I'm using the script command to save all the output from the terminal to a file called typescript. Or script foo to save to the file foo.

Now, let's say I'm going along typing command after command and I forget whether or not I'm in a typescript or not.

How can I find out if I'm within a typescript or not?


Maybe with:

if lsof -tac script "$(tty)" > /dev/null; then
  echo "I'm running under script"
  echo "I'm not"

You could add something like:

lsof -tac script "$(tty)" > /dev/null && PS1="[script] $PS1"

To your ~/.zshrc or ~/.bashrc, so the information on whether you're in script or not would be visible on your shell prompt.

Alternatively, if you can't guarantee that lsof be installed you could do (assuming an unmodified IFS):

terminal=$(ps -o comm= -p $(ps -o ppid= -p $(ps -o sid= -p "$$")))
[ "$terminal" = script ] && PS1="[script] $PS1"

The heuristic is to get the command name of the parent of the session leader which generally would be the terminal emulator (xterm, script, screen...).

  • 1
    @teikakazura, the heuristic part was because you're not guaranteed that it will be the parent process of the session leader. Nothing to do with pid reuse here as your session leader and its parent will typically still be around when you run that command. You could say that the first one is heuristic as well as we're just checking the process name. Any command whose name is also script and has the tty open would also cause a false positive. – Stéphane Chazelas Feb 23 '17 at 7:28
  • 1
    @teikakazura About (2), that would check the ppid of the current shell. Here, you want to check the ppid of the session leader (typically, that would be the shell that script started). – Stéphane Chazelas Feb 23 '17 at 7:28
  • I can't understand @StephaneChazelas comment here (what is "(2)", probably a deleted comment), but the second part of answer is very interesting as it can detect not only script but also other situations, like su -l, ssh, Linux console and perhaps others, and provide (through other arguments of ps) much more information. – Stéphane Gourichon Nov 20 '19 at 20:27

Interesting problem. I found a small bash script could do the job pretty reliably:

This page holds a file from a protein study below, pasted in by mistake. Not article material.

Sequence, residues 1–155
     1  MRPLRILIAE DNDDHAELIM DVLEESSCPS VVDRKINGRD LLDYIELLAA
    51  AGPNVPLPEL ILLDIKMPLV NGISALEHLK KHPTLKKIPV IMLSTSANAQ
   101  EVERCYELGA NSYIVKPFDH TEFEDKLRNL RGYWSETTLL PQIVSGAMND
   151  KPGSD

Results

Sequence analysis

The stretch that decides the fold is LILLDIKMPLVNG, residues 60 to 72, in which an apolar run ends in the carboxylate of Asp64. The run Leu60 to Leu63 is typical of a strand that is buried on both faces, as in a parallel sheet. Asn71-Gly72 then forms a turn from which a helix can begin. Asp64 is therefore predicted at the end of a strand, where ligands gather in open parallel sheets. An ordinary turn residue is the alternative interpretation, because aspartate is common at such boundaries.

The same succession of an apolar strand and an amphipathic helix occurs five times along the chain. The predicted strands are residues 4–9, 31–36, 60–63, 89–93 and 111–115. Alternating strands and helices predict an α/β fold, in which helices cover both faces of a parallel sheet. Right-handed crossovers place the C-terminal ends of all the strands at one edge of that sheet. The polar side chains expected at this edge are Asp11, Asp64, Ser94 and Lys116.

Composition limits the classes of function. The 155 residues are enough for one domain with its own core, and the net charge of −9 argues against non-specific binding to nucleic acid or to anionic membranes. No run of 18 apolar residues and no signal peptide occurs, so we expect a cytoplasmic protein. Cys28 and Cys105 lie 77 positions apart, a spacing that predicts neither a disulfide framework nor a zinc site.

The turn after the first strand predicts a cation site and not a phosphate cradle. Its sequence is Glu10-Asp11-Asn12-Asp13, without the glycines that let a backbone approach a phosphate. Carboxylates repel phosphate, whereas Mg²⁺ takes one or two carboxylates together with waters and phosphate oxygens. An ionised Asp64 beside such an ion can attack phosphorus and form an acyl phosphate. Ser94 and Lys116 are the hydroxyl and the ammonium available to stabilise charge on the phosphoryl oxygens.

PP=$(ps -o ppid= $$)

while [[ $PP != 1 ]]
    LINE=$(ps -o ppid= -o comm= $PP | sed 's/^  *//')
    COMM=${LINE#* }
    PP=${LINE%% *}
    if [[ $COMM == script ]]  # Might need a different comparison
        echo "In script"
        exit 0
echo "Not in script"

I think this is slightly different than proposed by Stephane Chazelas, in that my script works its way up the parent:child relationship that Linux/Unix processes have until it finds PID 1, or it finds "script" as the process.

  • 4
    Interesting approach. However, note that if for instance, you start an xterm from your script session, that script will thing the shell in that xterm is running under script. Well it is in a way, but the output is not going to the typescript. My approach checks the terminal associated with the current session so would not have that issue. – Stéphane Chazelas Mar 20 '13 at 18:34

If you have a personal bin/ directory in your path (e.g. /home/user/bin, place a shell script there with the name 'script' (same name as the binary), with the following contents:

exec /usr/bin/script # full path to your script(1) binary

Now, within script running, you can test for the environment variable SCRIPT_RUNNING, and do whatever you want based on it.


Actually, there's a far easier way. The following says it all, create three files, ~/bin/script, ~/bin/script-shell and ~/.scriptrc:

~ > ls ~/bin/script ~/bin/script-shell ~/.scriptrc
-rw-r--r-- 1 roadowl users 23 Oct 18 16:52 /home/roadowl/.scriptrc
-rwx------ 1 roadowl users 49 Oct 18 16:53 /home/roadowl/bin/script
-rwx------ 1 roadowl users 56 Oct 18 16:55 /home/roadowl/bin/script-shell

~/bin > cat script
exec /usr/bin/script -c script-shell

~/bin > cat script-shell
exec /bin/bash --rcfile /home/bjd/.scriptrc

~/bin > cat ~/.scriptrc
export PS1="[script] "

If your current shell is bash, don't forget to run hash -r after creating these files, to ensure ~/bin/script is run when 'script' is entered as a command (check with which script).

As before, note that you must have ~/bin in your PATH, preceding the standard path for this to work.

Your Answer

By clicking “Post Your Answer”, you agree to our terms of service, privacy policy and cookie policy

Not the answer you're looking for? Browse other questions tagged or ask your own question.